There is a big difference between functional overload, where you are overwhelmed but functioning and dysfunctional overload, where you just feel floored by everything; your condition, life, all the things.  As you start to move down the curve, the demands and pressures are still there, maybe they are increasing or maybe there is just no let up from those demands, you will move from functional overload into dysfunctional overload and this is where burnout can occur.

Once you know where you are on this curve then you are better placed to apply interventions to help you perform at a sustainable level.

 

Symptoms can be wake up calls

When I started work as a teacher full time my usual coping mechanisms just didn’t work.  After a long summer break the autumn term usually went OK, I could keep going pretty well but was often ill over the Christmas break as my body was screaming at me with symptoms by the time we broke for the Christmas holidays. Despite resting, I would always start the Spring term tired and it felt like a hard slog to get to half term. This is when I started getting more and more illnesses.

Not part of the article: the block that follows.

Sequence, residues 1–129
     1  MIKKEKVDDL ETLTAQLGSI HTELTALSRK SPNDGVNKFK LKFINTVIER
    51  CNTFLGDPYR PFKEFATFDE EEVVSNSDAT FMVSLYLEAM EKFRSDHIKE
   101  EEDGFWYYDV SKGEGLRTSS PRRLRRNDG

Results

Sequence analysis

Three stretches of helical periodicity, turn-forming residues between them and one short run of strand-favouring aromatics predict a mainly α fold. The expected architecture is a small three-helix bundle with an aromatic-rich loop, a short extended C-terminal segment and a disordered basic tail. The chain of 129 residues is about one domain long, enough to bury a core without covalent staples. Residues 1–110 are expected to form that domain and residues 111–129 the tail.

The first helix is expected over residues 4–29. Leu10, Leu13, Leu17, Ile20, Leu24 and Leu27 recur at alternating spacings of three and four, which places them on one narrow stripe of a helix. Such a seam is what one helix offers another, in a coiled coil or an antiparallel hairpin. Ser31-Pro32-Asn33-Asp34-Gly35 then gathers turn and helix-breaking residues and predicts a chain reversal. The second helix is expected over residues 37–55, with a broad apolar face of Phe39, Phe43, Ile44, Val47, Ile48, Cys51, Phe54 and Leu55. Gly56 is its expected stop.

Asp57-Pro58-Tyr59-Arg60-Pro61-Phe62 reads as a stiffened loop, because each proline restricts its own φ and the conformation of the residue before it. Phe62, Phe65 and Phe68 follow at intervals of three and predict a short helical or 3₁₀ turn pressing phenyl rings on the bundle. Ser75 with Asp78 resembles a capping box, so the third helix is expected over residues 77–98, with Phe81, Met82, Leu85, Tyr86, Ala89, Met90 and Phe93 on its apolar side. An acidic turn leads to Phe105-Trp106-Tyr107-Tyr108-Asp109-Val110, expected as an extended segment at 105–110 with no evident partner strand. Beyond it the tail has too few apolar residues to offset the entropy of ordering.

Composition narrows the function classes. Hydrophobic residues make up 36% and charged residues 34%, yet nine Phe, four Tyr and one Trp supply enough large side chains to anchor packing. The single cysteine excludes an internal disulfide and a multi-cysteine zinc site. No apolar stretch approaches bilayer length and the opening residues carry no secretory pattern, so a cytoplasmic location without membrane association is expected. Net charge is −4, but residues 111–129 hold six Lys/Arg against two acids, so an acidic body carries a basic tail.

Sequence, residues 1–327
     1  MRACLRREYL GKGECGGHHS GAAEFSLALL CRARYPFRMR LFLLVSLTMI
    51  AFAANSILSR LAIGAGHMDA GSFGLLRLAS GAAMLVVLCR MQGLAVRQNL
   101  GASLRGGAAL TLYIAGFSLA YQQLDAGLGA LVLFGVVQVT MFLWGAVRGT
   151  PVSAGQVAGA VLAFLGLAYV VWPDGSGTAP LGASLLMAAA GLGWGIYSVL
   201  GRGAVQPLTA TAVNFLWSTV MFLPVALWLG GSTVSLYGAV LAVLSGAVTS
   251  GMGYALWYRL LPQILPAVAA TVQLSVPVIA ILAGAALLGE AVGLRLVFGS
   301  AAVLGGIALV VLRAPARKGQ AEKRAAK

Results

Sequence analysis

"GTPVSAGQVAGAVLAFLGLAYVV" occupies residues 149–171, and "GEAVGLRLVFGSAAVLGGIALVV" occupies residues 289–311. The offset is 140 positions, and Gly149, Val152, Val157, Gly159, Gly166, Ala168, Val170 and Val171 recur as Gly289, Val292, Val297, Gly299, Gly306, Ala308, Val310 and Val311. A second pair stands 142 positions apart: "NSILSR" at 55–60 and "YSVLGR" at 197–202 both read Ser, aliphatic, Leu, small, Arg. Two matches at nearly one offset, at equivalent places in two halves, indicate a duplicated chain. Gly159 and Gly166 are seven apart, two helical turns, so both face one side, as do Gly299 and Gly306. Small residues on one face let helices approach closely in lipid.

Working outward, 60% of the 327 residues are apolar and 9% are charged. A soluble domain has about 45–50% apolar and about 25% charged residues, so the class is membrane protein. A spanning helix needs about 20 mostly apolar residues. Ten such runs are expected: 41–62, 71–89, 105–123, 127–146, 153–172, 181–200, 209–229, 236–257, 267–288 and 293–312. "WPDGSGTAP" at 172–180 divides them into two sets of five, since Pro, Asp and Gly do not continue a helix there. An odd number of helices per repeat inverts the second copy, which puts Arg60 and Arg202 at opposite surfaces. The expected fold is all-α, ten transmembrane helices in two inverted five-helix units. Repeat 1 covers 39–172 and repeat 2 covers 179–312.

I felt like I was always driving around with my body’s check engine light on, convincing myself that I would be OK.

I distinctly remember having two or three weeks off of work for things that the GP could never put his finger on ‘glandular fever like illness’ for example or ‘fatigue’.  I was bloody exhausted all the time.  I would rest, reset and go again. Constantly swinging from one end of the curve to another and each time reaching overload more quickly.  What I was doing every time was ignoring the symptoms until I got sick or was completely overwhelmed by my symptoms and couldn’t carry on.

It won’t come as a surprise to you that I eventually left the teaching profession.  A combination of diagnoses, fatigue, ever increasing and more serious symptoms and overwhelm.

It was way after I left work, was diagnosed with multiple chronic health conditions and had settled into life as a disabled mum that a big shift came in the way I lived and experienced my symptoms, when I started to see them not as an enemy to fight or override but as signals alerting me to overstretch.